In the week since President Obama's Auto Task Force decided GM and Chrysler were not viable, much of the focus has been on the future of GM, who runs the company, and how the country can save its largest auto maker.
To read and watch the coverage, one would think Chrysler is already dead.
Somewhere Lee Iacocca is watching this and saying to himself, "That's it? There's no fight left for Chrysler?"
The truth is Chrysler may not be dead, but it's certainly running out of time. The Auto Task Force essentially said as much. Sure, the company has a little over three weeks to see if it can pull out a better deal with Fiat, but the odds of that happening are slim.
Yes, I know some of you will scream, "Wait! Why wouldn't Fiat want to step up right now and save Chrysler?"
I'll tell you why. It may be easier and cheaper to try and pick up pieces of Chrysler in Bankruptcy. Chrysler in Chapter 11, or Chapter 7 could allow Fiat, or any other auto maker, to pick and choose what elements of the auto maker they want while taking a pass on those "less than desirable" elements.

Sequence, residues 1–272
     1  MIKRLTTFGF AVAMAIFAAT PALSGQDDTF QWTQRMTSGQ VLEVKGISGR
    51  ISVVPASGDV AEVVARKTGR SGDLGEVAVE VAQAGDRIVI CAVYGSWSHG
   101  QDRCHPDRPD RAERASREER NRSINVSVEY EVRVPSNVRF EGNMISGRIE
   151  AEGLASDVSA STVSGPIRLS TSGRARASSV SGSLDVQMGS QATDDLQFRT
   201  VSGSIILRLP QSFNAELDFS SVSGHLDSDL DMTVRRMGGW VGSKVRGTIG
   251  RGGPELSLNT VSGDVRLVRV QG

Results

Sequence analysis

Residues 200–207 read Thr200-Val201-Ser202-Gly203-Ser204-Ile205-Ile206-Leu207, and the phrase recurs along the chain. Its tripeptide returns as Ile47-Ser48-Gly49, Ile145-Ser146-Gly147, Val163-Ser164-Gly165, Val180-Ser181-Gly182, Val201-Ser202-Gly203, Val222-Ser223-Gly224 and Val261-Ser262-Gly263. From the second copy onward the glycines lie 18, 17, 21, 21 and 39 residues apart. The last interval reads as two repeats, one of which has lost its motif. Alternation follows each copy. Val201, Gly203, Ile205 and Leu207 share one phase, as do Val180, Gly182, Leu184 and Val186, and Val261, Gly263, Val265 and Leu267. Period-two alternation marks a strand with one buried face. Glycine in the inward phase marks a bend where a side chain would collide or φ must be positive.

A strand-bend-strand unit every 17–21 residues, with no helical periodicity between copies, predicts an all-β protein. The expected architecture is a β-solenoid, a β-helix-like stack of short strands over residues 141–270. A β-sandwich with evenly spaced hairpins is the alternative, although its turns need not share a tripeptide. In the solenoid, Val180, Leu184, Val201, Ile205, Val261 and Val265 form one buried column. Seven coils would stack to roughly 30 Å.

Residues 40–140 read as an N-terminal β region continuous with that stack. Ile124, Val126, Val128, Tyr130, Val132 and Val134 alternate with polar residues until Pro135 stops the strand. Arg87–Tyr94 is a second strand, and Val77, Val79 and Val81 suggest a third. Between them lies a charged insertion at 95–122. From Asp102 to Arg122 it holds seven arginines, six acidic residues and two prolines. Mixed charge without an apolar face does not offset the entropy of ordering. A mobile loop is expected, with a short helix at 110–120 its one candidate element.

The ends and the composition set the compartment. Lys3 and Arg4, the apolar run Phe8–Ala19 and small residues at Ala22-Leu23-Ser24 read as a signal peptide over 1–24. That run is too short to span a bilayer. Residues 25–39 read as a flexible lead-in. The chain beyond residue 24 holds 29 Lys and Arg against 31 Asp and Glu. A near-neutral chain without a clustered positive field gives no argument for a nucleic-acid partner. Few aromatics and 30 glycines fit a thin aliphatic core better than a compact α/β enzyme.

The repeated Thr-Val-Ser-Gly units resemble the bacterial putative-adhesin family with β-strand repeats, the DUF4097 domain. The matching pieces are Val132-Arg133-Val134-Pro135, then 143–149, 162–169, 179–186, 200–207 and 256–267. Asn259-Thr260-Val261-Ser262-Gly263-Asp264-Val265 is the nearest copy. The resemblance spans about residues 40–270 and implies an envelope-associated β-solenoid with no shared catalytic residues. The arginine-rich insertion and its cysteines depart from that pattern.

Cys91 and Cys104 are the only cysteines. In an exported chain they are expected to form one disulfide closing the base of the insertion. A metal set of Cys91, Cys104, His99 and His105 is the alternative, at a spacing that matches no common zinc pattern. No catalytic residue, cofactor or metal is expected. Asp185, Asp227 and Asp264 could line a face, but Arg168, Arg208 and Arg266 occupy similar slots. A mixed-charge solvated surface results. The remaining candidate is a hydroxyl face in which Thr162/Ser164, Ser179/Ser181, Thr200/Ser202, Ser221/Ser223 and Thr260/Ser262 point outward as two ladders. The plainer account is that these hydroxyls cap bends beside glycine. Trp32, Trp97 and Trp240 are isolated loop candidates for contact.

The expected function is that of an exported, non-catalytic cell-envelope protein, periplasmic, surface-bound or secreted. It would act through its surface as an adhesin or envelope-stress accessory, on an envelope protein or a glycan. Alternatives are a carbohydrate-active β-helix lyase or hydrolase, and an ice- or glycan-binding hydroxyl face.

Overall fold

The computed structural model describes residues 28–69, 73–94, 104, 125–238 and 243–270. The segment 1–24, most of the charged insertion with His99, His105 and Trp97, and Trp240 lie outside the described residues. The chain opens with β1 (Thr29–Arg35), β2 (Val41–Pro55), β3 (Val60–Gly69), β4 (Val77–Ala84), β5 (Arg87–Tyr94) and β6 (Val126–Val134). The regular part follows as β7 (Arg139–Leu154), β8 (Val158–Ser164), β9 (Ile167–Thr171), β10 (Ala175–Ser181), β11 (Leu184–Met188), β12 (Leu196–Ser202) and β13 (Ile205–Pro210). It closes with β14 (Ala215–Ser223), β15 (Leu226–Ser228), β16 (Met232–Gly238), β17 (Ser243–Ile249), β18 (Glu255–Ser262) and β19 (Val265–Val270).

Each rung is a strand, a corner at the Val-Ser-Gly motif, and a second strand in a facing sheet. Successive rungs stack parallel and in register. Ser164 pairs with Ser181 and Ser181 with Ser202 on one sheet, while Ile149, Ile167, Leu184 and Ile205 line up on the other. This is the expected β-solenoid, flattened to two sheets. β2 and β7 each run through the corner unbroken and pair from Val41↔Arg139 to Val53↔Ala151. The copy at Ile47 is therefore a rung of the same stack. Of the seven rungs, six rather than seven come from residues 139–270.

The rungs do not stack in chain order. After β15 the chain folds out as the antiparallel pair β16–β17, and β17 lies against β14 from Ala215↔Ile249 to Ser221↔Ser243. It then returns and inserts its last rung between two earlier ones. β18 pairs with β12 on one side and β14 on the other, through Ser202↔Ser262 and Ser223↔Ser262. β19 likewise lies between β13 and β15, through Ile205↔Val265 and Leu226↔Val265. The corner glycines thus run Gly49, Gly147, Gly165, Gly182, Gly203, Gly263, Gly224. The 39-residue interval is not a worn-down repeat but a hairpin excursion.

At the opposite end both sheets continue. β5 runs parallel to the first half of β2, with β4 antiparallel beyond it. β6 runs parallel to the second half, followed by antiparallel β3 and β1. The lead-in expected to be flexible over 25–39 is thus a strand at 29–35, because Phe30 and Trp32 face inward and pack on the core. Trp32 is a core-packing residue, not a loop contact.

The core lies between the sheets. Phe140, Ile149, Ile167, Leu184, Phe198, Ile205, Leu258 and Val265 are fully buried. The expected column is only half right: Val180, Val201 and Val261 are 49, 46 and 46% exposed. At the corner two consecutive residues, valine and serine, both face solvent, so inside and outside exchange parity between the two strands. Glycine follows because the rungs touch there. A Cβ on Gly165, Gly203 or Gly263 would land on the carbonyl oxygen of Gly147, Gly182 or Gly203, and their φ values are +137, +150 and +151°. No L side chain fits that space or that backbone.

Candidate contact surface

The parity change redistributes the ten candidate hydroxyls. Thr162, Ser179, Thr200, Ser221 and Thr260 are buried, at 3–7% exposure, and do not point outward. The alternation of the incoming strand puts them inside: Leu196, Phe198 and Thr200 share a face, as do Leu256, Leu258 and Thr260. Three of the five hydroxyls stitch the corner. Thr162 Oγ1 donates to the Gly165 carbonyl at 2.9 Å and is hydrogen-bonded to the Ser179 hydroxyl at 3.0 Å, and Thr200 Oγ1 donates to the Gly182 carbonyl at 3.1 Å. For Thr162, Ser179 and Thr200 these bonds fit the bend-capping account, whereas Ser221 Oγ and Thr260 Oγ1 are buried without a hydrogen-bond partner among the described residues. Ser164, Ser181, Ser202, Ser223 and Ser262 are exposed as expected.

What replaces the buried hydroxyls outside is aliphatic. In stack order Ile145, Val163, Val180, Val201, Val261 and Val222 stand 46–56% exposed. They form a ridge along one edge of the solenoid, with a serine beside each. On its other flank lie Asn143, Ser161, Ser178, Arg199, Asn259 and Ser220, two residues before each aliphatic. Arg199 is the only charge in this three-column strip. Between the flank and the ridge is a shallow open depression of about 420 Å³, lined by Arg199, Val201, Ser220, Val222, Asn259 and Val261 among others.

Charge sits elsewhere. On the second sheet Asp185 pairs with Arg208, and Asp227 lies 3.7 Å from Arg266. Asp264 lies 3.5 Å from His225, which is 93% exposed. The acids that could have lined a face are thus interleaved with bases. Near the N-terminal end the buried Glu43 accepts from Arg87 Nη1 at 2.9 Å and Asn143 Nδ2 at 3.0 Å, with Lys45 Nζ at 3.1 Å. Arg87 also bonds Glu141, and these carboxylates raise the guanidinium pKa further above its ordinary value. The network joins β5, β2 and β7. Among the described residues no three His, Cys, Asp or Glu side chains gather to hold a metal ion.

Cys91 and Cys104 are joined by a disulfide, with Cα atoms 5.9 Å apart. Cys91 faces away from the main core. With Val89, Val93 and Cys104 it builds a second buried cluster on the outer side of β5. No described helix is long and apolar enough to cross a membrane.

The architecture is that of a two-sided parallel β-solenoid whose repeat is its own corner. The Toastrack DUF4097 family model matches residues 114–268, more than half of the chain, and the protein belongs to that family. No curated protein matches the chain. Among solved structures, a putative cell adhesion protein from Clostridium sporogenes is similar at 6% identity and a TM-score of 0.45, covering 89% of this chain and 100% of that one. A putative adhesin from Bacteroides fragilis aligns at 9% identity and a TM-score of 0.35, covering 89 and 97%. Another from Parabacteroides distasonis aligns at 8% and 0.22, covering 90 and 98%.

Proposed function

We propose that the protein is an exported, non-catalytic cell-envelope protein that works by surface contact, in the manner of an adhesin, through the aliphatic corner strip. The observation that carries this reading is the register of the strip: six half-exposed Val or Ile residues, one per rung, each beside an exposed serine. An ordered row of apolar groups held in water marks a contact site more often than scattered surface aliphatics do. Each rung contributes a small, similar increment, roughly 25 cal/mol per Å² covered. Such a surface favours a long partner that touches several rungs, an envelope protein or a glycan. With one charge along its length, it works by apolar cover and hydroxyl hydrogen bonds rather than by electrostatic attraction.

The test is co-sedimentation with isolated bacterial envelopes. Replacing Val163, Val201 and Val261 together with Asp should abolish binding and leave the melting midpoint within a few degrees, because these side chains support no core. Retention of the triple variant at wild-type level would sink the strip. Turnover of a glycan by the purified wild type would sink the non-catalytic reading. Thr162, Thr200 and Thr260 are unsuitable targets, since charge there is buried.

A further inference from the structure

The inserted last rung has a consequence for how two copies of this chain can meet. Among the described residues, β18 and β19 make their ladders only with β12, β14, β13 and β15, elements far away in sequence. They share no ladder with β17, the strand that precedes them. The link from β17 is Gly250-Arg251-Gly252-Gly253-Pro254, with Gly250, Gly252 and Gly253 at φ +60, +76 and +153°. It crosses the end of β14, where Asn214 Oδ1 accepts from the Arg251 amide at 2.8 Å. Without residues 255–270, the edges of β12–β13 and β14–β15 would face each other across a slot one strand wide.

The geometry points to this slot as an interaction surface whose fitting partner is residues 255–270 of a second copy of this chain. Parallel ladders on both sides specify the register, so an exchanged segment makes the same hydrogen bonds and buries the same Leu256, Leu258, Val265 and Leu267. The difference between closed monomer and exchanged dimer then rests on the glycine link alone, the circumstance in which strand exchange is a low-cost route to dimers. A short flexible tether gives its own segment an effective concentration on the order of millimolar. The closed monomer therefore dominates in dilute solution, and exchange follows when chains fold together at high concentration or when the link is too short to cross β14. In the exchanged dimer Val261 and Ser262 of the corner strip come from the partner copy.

And that's not all.
If someone can present a credible plan to Chrysler's creditors in bankruptcy court, they could get a company that has cut it's legacy costs, shed the weakest dealers, and most importantly, is free from government control.
Make no mistake, Chrysler still has plenty of valuable assets that make it attractive. Sure, the public focuses on the Jeep brand, but the company's large car platform will also get a fair amount of attention. Minivans? Trucks? There is value in both, especially for a foreign auto maker looking to establish a foothold in North America. With more than 10% of the world's most lucrative market, Chrysler could be a very valuable addition for some auto maker.
Will that auto maker be Fiat? Maybe.
Sergio Marchionne has three weeks to finalize a deal, but it will take a lot more than committing to share technology and small car platforms. Washington has shown it won't give Fiat a pass just to unload Chrysler. If the deal's not there, the Auto Task Force will pull the plug on Chrysler's financial lifeline and let the folks in Auburn Hills, Michigan figure out their next step, most likely in bankruptcy court.
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